Cryptochiton stelleri Middendorff, 1847
Common name(s): Giant gumboot chiton, Giant Pacific chiton, Chinese slipper
|Cryptochiton stelleri San Simeon, CA|
|(Photo by: Dave Cowles, 1995)|
How to Distinguish from Similar Species: No other chiton in this area has all 8 plates covered by the mantle, nor grows this large.
Geographical Range: Aleutian Islands to San Nicolas Island, CA, Kamchatka, Kurile Islands, Japan
Depth Range: low intertidal to 20 m
Habitat: Rocky substrate, especially in kelp beds.
Biology/Natural History: As with all chitons, this species can grip the rocks tightly. Its grip is not nearly as strong for its size as is that of many other species, however. With work one can usually dislodge it. Unlike some other chiton species, Cryptochiton stelleri has well-developed ctenidia (gills) in the pallial groove beside the foot. They often raise the edge of their mantle when in air, perhaps to facilitate respiration. The commensal polychaete worm Arctonoe vittata or A. pulchra can sometimes be found in their pallial groove, as can the pea crab Opisthopus transversus. O'clair and O'Clair report no commensals in this species in SE Alaska. Spawn from March to May in California., laying eggs in gelatinous, cinnamon-red spiral strings up to 1 m long. The egg strings do not stick and are quickly broken up by the waves. When females release their eggs, nearby males are stimulated to release sperm into the water. After hatching, larvae swim for about 20 h before settling. Adults do not move far (less then 20 m in 2 years in one experiment) and may live 20 years or more. Some individuals have algae growing on their mantle. Feeds mostly on various red algae, and also on some brown and green algae. Predators include the snail Ocenebra lurida, tidepool sculpins. Sea otters seem to ignore it, but river otters will eat it.. Indian tribes often ate it. 44% of body weight is blood. The radular teeth are hardened with a magnetite cap. Named after Georg Wilhelm Steller, an early Russian naturalist in Alaska.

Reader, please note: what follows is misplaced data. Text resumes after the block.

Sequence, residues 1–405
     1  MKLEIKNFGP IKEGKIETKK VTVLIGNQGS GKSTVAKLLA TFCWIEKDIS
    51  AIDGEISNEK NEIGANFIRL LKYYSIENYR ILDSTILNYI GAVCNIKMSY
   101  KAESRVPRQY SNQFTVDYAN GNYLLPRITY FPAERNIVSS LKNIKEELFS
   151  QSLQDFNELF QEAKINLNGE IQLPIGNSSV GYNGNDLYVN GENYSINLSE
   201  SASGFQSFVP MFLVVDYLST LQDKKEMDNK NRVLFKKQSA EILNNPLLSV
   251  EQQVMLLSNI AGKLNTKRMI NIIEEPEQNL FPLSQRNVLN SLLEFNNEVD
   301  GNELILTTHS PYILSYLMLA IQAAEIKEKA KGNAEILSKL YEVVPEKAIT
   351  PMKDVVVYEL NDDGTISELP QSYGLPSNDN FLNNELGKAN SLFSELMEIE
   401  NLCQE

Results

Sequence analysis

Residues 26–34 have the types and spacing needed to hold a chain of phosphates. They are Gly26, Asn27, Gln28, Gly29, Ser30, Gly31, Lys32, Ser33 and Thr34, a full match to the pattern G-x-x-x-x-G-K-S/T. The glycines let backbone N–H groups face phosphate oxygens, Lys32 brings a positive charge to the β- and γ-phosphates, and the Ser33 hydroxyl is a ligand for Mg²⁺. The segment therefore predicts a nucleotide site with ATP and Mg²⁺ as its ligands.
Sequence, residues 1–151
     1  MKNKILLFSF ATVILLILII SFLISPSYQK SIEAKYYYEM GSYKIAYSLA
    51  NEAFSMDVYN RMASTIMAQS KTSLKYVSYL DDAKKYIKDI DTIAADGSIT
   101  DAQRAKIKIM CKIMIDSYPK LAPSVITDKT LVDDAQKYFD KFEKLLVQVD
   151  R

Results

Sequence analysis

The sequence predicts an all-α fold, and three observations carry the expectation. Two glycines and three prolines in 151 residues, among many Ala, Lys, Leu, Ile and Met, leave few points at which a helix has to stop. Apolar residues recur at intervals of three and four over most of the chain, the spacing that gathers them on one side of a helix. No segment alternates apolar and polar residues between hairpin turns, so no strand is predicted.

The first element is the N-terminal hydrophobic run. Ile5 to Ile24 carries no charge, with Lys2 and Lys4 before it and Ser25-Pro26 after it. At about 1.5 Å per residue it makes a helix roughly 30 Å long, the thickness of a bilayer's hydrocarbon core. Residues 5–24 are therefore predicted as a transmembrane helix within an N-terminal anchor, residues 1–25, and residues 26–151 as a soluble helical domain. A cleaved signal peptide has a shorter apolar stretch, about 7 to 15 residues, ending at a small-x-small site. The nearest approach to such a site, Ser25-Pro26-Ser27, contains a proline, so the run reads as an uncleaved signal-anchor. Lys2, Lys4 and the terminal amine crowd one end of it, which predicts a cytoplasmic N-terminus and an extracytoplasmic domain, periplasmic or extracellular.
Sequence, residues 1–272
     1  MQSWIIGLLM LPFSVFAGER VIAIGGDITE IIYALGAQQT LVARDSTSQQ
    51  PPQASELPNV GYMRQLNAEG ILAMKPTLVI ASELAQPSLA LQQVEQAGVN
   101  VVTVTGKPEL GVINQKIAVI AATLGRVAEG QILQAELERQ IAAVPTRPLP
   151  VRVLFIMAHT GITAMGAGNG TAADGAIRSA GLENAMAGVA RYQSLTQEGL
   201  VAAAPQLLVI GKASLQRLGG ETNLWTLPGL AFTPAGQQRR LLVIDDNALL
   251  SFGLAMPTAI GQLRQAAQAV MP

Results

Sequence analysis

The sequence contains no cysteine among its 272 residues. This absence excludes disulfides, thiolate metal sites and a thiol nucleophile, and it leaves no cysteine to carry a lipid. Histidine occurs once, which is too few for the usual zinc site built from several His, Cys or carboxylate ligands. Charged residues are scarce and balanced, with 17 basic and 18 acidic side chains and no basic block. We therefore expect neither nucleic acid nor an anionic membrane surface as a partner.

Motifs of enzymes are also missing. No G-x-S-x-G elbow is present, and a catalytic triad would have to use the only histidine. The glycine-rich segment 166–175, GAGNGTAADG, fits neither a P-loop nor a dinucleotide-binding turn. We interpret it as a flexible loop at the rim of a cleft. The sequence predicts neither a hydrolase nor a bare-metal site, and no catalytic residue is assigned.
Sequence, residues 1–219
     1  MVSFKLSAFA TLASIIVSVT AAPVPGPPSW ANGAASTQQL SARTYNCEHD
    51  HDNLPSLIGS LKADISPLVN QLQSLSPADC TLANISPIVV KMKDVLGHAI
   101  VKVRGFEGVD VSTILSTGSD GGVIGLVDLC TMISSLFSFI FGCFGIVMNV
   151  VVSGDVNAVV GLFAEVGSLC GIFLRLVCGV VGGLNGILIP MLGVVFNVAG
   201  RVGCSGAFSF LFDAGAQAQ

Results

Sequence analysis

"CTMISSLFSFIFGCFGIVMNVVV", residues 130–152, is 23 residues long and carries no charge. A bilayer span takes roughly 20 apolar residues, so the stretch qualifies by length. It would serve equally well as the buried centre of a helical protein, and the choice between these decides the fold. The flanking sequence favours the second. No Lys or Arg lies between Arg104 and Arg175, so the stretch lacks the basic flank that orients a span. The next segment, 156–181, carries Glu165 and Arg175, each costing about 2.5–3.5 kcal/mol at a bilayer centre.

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Morris et al., 1980
O'Clair and O'Clair, 1998
Another photo of the underside. Photo by Dave Cowles, San Simeon, CA April 1997
This species was formerly abundant at San Simeon, CA. During the latter years of the 1990's I (Dave Cowles) observed large numbers decomposing and washing up onto the beach. I suspect a disease was affecting them. Those washing ashore were blotched, as some living individuals are. I wonder if the blotching seen in living individuals is a sign of disease? Far fewer can be found there now.